Twelve Apostles The 12 apostles were people that were called by Jesus to follow, listen, obey and spread the word. Jesus' disciples were: 1.) Simon (whom He named Peter) 2.) Andrew 3.) James 4.) John 5.) Philip 6.) Bartholomew 7.) Matthew 8.) Thomas 9.) James son of Alphaeus 10.) Simon who was called the Zealot 11.) Judas son of James 12.) Judas Iscariot- later replaced with faithful Matthias. Note: Several disciples had their names changed, or were given additional descriptive names or titles to distinguish one from another; for example, John and his brother James were often called the "sons of Zebedee," or the "sons of thunder." There were many disciples but only 12 apostles (Mark 3:14) at any one time. The listing of Judas Iscariot as number 12 is not accurate; After his betrayal of Jesus and subsequent suicide, he was replaced with a disciple named Matthias (Acts 1:15-26). Memory Help Here's a poem to help you remember their names: Peter, Andrew, James and John, fishermen of Caperneum. Thomas and Matthew too, Phillip and Bartholemew, James his brother Thadeus, Simon and the one called Judas, twelve disciples here in all, following the Master's call. The book of Acts chapter 1 verse 13 gives the names of the eleven that met to pick a replacement for Judas Iscariat who betrayed Jesus. They picked Matthias as a replacement making their number 12 again. Answer Here is another song to help remember them: There were 12 disciples Jesus called to help him. Simon Peter, Andrew, James, his brother John. Phillip and Thomas, Matthew, James the son of Alphaeus, Thaddeus and Simon, Judas and Bartholomew.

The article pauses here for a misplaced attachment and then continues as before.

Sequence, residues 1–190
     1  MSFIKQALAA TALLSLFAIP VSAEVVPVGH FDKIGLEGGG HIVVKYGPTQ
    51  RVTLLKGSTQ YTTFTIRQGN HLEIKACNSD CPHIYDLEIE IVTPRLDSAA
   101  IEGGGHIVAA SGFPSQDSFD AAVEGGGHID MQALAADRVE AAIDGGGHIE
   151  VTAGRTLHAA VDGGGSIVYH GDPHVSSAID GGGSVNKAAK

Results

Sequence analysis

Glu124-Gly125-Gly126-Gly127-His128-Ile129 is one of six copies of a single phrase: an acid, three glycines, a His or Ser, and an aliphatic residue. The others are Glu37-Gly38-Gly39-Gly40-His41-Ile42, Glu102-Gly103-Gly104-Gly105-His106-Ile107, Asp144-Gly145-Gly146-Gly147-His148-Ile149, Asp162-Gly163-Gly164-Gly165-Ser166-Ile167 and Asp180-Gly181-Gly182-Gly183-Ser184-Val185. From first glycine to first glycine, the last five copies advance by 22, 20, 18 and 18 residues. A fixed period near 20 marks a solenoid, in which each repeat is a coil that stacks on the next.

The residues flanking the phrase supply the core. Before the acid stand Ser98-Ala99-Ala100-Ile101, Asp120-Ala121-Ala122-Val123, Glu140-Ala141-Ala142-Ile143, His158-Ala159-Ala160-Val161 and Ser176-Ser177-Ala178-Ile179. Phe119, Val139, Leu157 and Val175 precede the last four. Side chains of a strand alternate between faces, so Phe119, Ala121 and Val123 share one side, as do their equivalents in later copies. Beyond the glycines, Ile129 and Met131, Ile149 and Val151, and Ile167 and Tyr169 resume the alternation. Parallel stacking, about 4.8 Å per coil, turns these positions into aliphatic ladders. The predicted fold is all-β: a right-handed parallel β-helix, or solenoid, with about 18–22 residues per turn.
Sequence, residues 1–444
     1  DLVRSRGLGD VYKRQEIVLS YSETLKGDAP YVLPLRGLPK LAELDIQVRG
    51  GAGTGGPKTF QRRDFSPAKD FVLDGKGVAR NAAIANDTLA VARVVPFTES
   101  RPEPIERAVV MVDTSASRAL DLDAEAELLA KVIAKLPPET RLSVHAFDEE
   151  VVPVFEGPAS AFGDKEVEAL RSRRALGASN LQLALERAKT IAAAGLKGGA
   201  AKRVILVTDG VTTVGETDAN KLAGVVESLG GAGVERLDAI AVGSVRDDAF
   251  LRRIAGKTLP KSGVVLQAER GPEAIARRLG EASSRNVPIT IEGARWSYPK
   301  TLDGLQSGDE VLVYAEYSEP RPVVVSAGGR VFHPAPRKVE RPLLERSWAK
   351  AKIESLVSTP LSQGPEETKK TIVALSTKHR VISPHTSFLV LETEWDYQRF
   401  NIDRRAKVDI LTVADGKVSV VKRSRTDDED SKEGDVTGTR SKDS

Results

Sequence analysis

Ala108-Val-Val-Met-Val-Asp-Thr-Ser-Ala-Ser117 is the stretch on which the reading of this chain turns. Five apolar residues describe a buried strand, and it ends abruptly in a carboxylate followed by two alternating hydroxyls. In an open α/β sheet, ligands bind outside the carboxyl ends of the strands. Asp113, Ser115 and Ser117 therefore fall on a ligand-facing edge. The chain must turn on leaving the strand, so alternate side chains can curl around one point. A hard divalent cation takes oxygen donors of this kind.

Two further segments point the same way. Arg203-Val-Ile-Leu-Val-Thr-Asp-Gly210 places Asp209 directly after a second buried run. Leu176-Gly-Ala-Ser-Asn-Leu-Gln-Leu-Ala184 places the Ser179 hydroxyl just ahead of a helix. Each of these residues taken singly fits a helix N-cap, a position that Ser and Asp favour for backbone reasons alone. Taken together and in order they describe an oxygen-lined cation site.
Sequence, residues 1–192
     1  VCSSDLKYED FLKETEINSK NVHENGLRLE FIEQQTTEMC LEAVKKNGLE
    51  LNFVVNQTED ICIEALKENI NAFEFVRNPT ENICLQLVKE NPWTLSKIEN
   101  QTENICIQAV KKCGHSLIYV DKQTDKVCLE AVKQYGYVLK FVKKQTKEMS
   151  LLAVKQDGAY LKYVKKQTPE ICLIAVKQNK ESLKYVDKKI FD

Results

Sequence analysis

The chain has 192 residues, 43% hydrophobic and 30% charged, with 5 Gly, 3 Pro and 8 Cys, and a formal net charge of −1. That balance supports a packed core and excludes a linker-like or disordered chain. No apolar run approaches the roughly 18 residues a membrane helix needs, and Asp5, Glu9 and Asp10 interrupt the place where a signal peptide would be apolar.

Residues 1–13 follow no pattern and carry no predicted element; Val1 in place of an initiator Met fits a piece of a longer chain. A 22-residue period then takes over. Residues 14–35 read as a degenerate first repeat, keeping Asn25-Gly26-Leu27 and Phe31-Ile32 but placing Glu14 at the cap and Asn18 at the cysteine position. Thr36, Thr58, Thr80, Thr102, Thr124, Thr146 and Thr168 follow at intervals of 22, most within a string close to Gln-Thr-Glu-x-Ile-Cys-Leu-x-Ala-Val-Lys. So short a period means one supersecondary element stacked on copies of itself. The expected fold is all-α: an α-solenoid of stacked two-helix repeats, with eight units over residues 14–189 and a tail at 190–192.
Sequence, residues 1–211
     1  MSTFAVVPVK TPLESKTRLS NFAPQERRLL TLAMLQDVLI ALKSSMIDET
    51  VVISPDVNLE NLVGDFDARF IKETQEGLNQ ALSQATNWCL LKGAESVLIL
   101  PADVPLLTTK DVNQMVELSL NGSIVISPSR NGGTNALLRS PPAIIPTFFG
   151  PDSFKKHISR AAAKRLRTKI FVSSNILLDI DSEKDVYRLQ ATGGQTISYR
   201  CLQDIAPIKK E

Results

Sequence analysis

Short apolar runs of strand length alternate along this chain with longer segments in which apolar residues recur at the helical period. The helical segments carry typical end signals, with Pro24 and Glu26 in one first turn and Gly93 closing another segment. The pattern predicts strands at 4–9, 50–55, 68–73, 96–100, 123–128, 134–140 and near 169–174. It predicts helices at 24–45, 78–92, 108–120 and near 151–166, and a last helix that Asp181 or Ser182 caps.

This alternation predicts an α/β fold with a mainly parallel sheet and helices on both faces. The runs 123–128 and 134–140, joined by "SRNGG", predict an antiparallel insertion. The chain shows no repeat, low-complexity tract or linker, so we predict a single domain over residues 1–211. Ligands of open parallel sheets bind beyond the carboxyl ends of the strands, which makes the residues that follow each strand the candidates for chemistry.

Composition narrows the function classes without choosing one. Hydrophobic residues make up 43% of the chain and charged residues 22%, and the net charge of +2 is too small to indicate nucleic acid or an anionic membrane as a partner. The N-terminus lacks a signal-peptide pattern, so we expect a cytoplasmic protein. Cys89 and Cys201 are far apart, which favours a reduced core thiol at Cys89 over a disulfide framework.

Asked in The Bible, Bible Statistics and History, New Testament

Where does the word corban appear in the Bible?

User Avatar
Corban (Qorban-Hebrew)(Korban'-Greek) means an 'offering' or a 'gift dedicated to God', and was used in the Hebrew scriptures at: Leviticus 1:2, 3; 2:1; Numbers 5:15; 6:14, 21, Ezekiel 20:28 and 40:43. In Jesus time, the word was used in the paralell accounts at: Mark 7:9-13 and Matthew 15:3-6. A bad practice had developed among the Jews, ignoring the obligation of 'honoring one's parents'(Exodus 20:12)(Deuteronomy 5:16)(Ephesians 6:2), and caring for their needs as they aged. The religious leaders, had come up with the idea that if a person didn't want to share necessities with his parents, he simply had to say that these necessities were 'corban' or 'offerings dedicated to God' and he wouldn't have to share anything, though he could still use these on himself until his own death. As usual, the religious leaders of the day professed to honor God, but their hearts were far away from Him, consequently, hypocritical teachings such as this, were condemned by Jesus.-(Matthew 15:7-9)
Asked in Christianity, New Testament, Jesus Christ

What was gall given to Jesus Christ on the cross?

User Avatar
The "gall" given to Jesus on the cross (which Mark calls "myrrh" and Luke and John do not mention) was a bitter substance used as an anesthetic; a first-century "painkiller."
Asked in New Testament